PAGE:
Ten years ago today, Steve Jobs took the stage at Macworld and showed off a new device. You know the spiel. “So, three things: a widescreen iPod with touch controls. A revolutionary mobile phone. And a breakthrough internet communications device. An iPod. A phone. And an internet communicator. An iPod. A phone — are you getting it? These are not three separate devices. This is one device! And we are calling it iPhone.”
Brian McCullough of the Internet History podcast pulls together a good collection of memories from the day of the event itself, showing how much of Jobs’s presentation was held together with tape and glue to ensure his brand-new device was successful, unlike Apple’s previous foray into cell phones, the little-loved and little-remembered Motorola Rokr.
After two-and-a-half years of extremely secretive work on what Apple code-named “Project Purple,” Jobs was ready to take the stage at the Moscone Center and show off the iPhone. The problem was that the iPhone itself wasn’t quite ready.
Jobs rehearsed his presentation for six solid days, but at the final hour, the team still couldn’t get the phone to behave through an entire run through. Sometimes it lost internet connection. Sometimes the calls wouldn’t go through. Sometimes the phone just shut down.
Per Andy Grignon, senior radio engineer for the iPhone: “Very rarely did I see him become completely unglued. It happened. But mostly he just looked at you and very directly said in a very loud and stern voice, ‘You are fucking up my company,’ or, ‘If we fail, it will be because of you.’”
Of course, if the iPhone failed onstage, it was because the prototype Jobs would be demoing was a bug-filled nightmare. From Fred Vogelstein’s 2013 write-up in The New York Times Magazine:
The iPhone could play a section of a song or a video, but it couldn’t play an entire clip reliably without crashing. It worked fine if you sent an e-mail and then surfed the Web. If you did those things in reverse, however, it might not. Hours of trial and error had helped the iPhone team develop what engineers called “the golden path,” a specific set of tasks, performed in a specific way and order, that made the phone look as if it worked.
Jobs also wanted to make sure that connectivity wasn’t an issue for the iPhone. But to do that required some shading around the edges. From the same Times Magazine report:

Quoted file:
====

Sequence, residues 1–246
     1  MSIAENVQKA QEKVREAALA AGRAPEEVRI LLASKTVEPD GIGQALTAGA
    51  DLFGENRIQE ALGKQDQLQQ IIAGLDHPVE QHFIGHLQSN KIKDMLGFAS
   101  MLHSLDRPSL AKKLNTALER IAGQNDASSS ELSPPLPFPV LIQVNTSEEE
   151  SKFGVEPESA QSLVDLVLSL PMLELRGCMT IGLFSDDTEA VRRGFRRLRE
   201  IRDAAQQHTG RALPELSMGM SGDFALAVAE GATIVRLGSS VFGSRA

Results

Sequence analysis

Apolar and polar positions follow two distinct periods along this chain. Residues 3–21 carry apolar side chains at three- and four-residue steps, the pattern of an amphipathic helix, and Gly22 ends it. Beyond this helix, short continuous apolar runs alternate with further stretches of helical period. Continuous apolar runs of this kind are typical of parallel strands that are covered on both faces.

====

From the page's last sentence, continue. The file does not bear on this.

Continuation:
They had AT&T, the iPhone’s wireless carrier, bring in a portable cell tower, so they knew reception would be strong. Then, with Jobs’s approval, they preprogrammed the phone’s display to always show five bars of signal strength regardless of its true strength.
Jobs had more than just the reputation of the iPhone to contend with. CES was happening at the same time, and it was Jobs’s hope that the iPhone would steal headlines away from whatever was being debuted in Vegas that day. But there was still a nagging problem: In virtually every rehearsal Jobs had done with the phone, it would run out of memory at some point, causing the phone to crash and restart. The only fix was to have multiple backups on hand.
Jobs had a number of demo units onstage with him to manage this problem. If memory ran low on one, he would switch to another while the first was restarted. But given how many demos Jobs planned, Grignon worried that there were far too many potential points of failure. If disaster didn’t strike during one of the dozen demos, it was sure to happen during the grand finale, when Jobs planned to show all the iPhone’s top features operating at the same time on the same phone. He’d play some music, take a call, put it on hold and take another call, find and e-mail a photo to the second caller, look up something on the Internet for the first caller and then return to his music.
McCullough goes on to explain what happened after — how Jobs had to be convinced to actually create an App Store (he wanted developers to simply do everything in Safari), and the struggle to get the next version of the iPhone, the iPhone 3G, off the slow-as-hell Edge data networks.
Jobs unveiling the iPhone is often pointed to as the pinnacle in tech presentations — one of the few times where the hype and grandeur actually matched the device on display. But it wasn’t just a master class in marketing and showmanship; it was a technological roll of the dice that ended up changing the world.